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Von Stein With Art




Morgantown, W.Va., September 9, 2004--Artist Mark von Stein usually divides his time between the northern shores of New England and Sydney, Australia. But not this weekend, because this weekend he’ll hang his canvas-quite a few canvases, actually- right here in Morgantown. The Monongalia Arts Center is hosting a show of his paintings titles “Souvenirs of Light.” There will be an opening reception for von Stein from 6-8 p.m. Friday.

A tireless traveler, von Stein has made his way through Morgantown several times and compares the area’s regional arts scene with that of Reading, Pa., where he spent much of last year. “It has momentum and vitality,” he said, taking a break from his self-paced Japanese lessons to speak from his home in Beverly Farms, Mass. Most of von Stein’s introductions to Morgantown “artsiest” folks have come through his brother, Bill Maloney, longtime resident and current president of the Morgantown Community Trust.

Maloney said he first introduced von Stein to MAC executive director Ro Brooks about a year and a half or two years ago. “After that conversation they had decided to work together on a show,” he said. “So this show is at least that long in the making.” Having studied philosophy intensely in college, von Stein said he is moved and inspired by the metaphysical world. Just because one cannot see something doesn’t mean it doesn’t exist, he said. Something may exist outside the physical realm or beyond the physical realm, but there are still data pointing to its existence.

“In quantum physics terms, everything has life,” he said, “something outside of this matter.” In other words, paintings have life before the canvas. The artist only makes that life visible. Light was Monet’s inspiration, too, but von Stein maintains his vision of light is different than the Impressionist masters’. “All modern art arises as an early response to work begun by earlier artists. It’s like a continuing conversation,” he said in an earlier interview with MAC curators. “The discussion of light was considered by Monet and other artists of the Impressionist movement. While Monet, for example, as intrigued with light as it was reflected in nature, these pieces articulate the nature of light and color before they are assembled into anything.”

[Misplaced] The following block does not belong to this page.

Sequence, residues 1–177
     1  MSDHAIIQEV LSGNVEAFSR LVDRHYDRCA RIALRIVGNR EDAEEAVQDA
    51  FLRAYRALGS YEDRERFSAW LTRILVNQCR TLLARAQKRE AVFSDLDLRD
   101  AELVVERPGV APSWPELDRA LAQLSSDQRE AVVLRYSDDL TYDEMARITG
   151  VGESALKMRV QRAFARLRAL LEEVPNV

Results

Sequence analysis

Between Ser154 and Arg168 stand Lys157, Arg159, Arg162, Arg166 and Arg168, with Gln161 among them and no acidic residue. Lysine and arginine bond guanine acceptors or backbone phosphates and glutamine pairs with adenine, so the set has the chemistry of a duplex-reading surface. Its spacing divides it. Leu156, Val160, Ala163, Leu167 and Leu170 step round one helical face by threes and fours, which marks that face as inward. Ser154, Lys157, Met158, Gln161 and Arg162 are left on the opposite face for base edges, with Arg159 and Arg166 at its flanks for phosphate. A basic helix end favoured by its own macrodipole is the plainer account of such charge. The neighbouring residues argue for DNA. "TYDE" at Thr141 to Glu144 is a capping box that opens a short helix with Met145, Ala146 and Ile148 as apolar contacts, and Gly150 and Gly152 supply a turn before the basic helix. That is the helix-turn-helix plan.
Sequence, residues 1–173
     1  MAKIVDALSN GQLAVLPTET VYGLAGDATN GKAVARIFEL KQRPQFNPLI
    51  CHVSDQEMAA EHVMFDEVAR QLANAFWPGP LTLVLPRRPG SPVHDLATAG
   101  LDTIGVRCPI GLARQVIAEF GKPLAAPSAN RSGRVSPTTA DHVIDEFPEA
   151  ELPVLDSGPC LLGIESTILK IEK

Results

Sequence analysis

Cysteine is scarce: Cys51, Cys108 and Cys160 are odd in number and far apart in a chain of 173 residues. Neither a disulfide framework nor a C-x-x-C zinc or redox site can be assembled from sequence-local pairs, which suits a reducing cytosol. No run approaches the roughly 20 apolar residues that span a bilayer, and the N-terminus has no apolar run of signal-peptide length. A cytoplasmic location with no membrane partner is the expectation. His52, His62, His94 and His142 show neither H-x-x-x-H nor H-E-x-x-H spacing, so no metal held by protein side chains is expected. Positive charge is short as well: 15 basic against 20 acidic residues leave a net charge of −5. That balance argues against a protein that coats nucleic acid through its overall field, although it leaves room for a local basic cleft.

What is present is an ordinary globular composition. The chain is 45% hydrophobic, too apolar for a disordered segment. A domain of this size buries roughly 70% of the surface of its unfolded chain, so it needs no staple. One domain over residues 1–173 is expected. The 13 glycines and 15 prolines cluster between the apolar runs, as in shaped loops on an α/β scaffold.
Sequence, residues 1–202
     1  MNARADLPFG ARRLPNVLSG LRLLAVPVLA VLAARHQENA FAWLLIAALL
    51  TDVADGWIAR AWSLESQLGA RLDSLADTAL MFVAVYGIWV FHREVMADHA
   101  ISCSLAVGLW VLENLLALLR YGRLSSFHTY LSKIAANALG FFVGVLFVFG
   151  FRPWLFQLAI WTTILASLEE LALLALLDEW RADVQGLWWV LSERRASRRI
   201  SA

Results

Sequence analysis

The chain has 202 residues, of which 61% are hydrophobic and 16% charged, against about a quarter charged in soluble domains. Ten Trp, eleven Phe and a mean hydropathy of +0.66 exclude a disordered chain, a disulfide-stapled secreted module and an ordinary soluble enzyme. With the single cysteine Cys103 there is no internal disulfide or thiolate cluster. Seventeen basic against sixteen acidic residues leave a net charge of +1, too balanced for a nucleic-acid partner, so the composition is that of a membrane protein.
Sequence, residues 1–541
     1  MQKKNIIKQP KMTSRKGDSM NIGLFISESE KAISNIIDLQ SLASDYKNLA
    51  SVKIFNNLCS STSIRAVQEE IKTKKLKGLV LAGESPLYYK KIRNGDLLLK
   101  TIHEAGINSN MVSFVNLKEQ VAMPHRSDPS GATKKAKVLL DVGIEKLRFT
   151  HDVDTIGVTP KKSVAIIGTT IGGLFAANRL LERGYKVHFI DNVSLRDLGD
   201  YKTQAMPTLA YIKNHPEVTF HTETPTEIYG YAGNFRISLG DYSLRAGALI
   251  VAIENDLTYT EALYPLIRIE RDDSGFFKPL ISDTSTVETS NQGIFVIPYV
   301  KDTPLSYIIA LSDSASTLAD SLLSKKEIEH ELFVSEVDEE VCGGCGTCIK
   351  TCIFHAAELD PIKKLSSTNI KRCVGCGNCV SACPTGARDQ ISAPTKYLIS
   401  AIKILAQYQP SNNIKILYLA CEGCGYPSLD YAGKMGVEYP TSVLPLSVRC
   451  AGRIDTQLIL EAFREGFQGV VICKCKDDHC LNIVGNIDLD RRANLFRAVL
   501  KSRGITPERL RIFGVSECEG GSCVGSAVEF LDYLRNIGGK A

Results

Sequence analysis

Von Stein said his work is generally described as “late modern abstract expressionist.” There is a lot of tactility, a lot of self- reflexivity in this work,” he said. “I find paintings are like a movie in that it will open your mind if you get over the hump and are able to see past it.” Though an admitted outsider in the art world, Maloney will nonetheless be by his brother’s side Friday. When asked how he’s felt about his brother’s work over the years, and about the most recent show, he laughed and said only, “I actually like some of it now.”

  • 2004 “Souvenirs of Light” Benedum Gallery, Monongalia Arts Center, Morgantown, W.Va., USA
  • 2001 “Maps from Sydney” Canal Street Restaurant, Reading, PA, USA
  • 1999 “Nights of Civility” Grand Pacific Blue Room, Paddington, New South Wales, Australia
  • 1992 “Paintings by the Pound” Chuck Levitan Gallery, SOHO, New York, USA